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High-Rise Fire in Dubai, Flammable Windows

03/27/2015 1:37 AM

Does anyone know what kind of flammable windows were used in this and similar buildings?

See

http://www.bbc.com/news/world-middle-east-31562099

I have heard they are Lexan polycarbonate, and i have heard they are plexiglass.

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#1

Re: high-rise fire in Dubai, flammable windows

03/27/2015 2:17 AM

Molten glass is not the same as flammable windows.

Panels that came down burning might not have been windows.

If they burned it might have been plexiglass

http://www.plexiglas.de/product/plexiglas/en/about/faq/Pages/fire-behavior.aspx#faq_0_0

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#2

Re: high-rise fire in Dubai, flammable windows

03/27/2015 2:31 AM

Sir:

plexiglass is definitely flammable.

polycarbonate less so, but will drip flammable molten material below, or above under high wind conditions. polycarbonate can be made much less flammable with flame resistant (or retardant) additives.

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#3
In reply to #2

Re: high-rise fire in Dubai, flammable windows

03/27/2015 5:23 AM

You are missing the point. Nowhere in the article does it say that the glass was burning.

So the "Flammable Window" has yet to be explained!

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#4

Re: High-Rise Fire in Dubai, Flammable Windows

03/27/2015 5:30 AM

Unfortunate name for the building!

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#5

Re: High-Rise Fire in Dubai, Flammable Windows

03/27/2015 6:01 AM
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#10
In reply to #5

Re: High-Rise Fire in Dubai, Flammable Windows

03/28/2015 10:37 PM

Told ya!

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#6

Re: High-Rise Fire in Dubai, Flammable Windows

03/27/2015 8:58 AM

From the pictures it appears to be more the facing on the building. Which if it burned hot enough could sustain fire in PVC window frames. But at that height most window frames are aluminum. It could be the safety glass was laminated the heat separated the outter sheet and let it fall away and the laminate burnt.

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#11
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Re: High-Rise Fire in Dubai, Flammable Windows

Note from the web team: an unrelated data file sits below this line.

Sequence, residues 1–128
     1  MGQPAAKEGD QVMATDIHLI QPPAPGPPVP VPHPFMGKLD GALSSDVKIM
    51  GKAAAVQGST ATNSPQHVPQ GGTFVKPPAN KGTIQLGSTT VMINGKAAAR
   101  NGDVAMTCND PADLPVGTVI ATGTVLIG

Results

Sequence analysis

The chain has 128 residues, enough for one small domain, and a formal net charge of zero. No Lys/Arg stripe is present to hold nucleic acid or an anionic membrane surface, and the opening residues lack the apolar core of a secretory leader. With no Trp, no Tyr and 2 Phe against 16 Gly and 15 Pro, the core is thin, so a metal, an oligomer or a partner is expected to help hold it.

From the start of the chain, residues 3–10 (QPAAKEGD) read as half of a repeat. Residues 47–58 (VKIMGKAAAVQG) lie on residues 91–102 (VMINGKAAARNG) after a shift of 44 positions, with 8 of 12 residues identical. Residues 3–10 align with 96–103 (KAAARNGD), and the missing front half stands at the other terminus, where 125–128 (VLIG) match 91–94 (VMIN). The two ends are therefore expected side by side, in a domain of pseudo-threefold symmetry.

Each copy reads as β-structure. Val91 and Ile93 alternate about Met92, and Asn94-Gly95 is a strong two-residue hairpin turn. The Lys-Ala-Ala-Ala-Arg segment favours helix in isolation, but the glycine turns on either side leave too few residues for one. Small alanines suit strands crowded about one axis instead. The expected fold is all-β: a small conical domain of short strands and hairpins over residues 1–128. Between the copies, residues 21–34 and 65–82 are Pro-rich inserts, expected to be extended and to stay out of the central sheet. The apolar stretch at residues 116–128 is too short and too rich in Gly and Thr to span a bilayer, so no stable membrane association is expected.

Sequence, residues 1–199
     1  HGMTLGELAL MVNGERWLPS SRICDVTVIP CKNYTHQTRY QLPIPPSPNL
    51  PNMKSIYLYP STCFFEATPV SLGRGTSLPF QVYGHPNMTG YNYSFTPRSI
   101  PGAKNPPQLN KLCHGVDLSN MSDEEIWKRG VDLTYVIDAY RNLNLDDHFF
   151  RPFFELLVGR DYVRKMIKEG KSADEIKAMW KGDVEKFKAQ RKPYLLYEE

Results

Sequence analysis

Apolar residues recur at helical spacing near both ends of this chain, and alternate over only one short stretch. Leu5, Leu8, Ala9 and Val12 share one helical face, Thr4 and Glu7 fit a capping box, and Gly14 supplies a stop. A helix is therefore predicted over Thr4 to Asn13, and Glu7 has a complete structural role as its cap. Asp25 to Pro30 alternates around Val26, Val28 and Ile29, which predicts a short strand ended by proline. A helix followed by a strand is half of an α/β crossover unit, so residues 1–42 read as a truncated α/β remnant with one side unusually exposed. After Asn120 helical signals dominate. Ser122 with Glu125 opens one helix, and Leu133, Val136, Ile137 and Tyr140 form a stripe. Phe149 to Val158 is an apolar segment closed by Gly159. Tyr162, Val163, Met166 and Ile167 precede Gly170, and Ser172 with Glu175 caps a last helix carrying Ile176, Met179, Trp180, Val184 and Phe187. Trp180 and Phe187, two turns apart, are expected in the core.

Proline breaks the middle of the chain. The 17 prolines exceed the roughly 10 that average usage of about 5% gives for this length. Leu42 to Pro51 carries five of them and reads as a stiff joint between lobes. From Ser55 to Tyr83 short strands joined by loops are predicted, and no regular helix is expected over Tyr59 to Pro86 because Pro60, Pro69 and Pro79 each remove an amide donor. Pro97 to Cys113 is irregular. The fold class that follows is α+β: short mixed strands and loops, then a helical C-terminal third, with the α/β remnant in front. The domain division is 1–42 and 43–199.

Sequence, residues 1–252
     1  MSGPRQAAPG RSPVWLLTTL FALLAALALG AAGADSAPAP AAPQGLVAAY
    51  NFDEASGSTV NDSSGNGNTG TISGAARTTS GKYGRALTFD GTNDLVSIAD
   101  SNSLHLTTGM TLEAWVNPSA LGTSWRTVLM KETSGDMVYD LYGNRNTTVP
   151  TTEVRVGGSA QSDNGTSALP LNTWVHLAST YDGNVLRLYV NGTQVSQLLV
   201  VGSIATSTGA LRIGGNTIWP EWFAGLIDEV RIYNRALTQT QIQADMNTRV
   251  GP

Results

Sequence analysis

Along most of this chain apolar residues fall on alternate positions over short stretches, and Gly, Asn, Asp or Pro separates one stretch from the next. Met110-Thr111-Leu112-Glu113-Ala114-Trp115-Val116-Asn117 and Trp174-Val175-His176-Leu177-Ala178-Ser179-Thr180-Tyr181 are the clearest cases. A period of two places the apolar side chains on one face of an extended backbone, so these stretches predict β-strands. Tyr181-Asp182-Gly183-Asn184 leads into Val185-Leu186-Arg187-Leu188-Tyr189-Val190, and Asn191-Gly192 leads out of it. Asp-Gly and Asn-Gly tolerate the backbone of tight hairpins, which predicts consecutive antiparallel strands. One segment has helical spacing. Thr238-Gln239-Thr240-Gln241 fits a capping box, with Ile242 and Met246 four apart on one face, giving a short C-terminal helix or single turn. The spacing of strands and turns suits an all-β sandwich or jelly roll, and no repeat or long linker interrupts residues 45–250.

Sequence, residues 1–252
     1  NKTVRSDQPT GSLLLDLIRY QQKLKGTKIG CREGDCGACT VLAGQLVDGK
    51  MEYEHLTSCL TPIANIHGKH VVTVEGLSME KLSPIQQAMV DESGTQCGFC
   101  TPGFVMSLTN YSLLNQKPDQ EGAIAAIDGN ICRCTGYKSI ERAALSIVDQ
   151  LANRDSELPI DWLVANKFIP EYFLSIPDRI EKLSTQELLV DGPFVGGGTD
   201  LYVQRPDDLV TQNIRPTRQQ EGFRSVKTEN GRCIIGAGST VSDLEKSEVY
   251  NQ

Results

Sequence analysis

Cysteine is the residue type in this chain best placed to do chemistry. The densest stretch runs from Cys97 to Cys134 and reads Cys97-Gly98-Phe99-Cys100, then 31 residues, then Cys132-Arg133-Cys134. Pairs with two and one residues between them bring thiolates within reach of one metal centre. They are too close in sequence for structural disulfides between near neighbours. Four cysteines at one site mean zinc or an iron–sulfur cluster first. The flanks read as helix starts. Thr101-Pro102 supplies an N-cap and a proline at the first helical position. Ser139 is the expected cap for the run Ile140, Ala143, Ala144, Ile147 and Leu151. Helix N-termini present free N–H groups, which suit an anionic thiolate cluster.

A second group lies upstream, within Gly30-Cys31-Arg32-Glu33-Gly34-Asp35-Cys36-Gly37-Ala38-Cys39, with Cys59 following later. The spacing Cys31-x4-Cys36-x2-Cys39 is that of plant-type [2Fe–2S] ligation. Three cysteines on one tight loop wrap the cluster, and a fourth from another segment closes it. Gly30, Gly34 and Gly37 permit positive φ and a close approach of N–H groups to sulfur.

03/29/2015 12:01 AM

Evonik-Röhm manufactures Plexiglass, which is a German trade-mark for a chemical compound called PMMA (Poly Methyl Methacrylate). Other well known brands for this chemical product are Perspex, Lexan and Acrylic. PMMA is used in buildings to replace glass. Although it is a flammable material, it has many mechanical advantages over certain types of glass. In the event of a fire it also may be safer as the latter because it does not crack nor explode. There are fire retardant glasses (ceramics) .... (but) this building does not seem to have been fitted with.

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#12
In reply to #11

Re: High-Rise Fire in Dubai, Flammable Windows

03/30/2015 10:51 AM

Lexan is not PMMA, it is polycarbonate, and it is highly important the distinction be made.

Fires whipped by high winds might indeed produce a high enough temperature to cause problems with polymeric building panels, and even melt glass, allowing the lamination to burn.

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#13
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Re: High-Rise Fire in Dubai, Flammable Windows

03/30/2015 11:14 AM

Right: Lexan is Policarbonate!

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#7

Re: High-Rise Fire in Dubai, Flammable Windows

03/27/2015 3:15 PM

Many high story windows use a resin laminate to improve strength.

http://en.wikipedia.org/wiki/Poly(methyl_methacrylate)

Yes it can rain fire as a result of such window construction.

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#8

Re: High-Rise Fire in Dubai, Flammable Windows

03/28/2015 1:33 AM

What caused the fire,were there "fire exits",was the building inspected by fire dept once completed,was it built to international building codes?.

What is the approved method of fire prevention in this kind of buildings?.

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#9

Re: High-Rise Fire in Dubai, Flammable Windows

03/28/2015 3:49 AM

ozzb correctly describes the likeliest scenario of what happened, imho.

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#14

Re: High-Rise Fire in Dubai, Flammable Windows

03/31/2015 12:36 AM

The falling material was either plastic facing materials from the building or polycarbonate window panes. If the facing was plastic, as it often is, mounted onto Styrofoam (as a thermo insulator) it would burn and fall identical to the plastic just as the videos illustrated. Polycarbonate panes will begin to melt and ignite from the heat of the fire. This was probably in excess of 2,000oF as most made materials, especially plastics, burn at or higher. Polycarbonate has a burning point slightly higher than 450oC/840oF so it would easily ignite and burn. As it burns it melts adjacent material of the pane and falls out of the window frame. On its way down it continues to burn and this becomes larger due to the velocity of the air as it falls.

If your memory is good- Do you remember when you were an adolescent and burned one of your plastic model airplanes? The end of the wing would burn and the burning plastic would fall off as burning "globs". This is the same as the polycarbonate window panes.

The rapid speed of this propogation is due to the high BTU/mass of the synthetic plastics.

Good Luck, Old Salt

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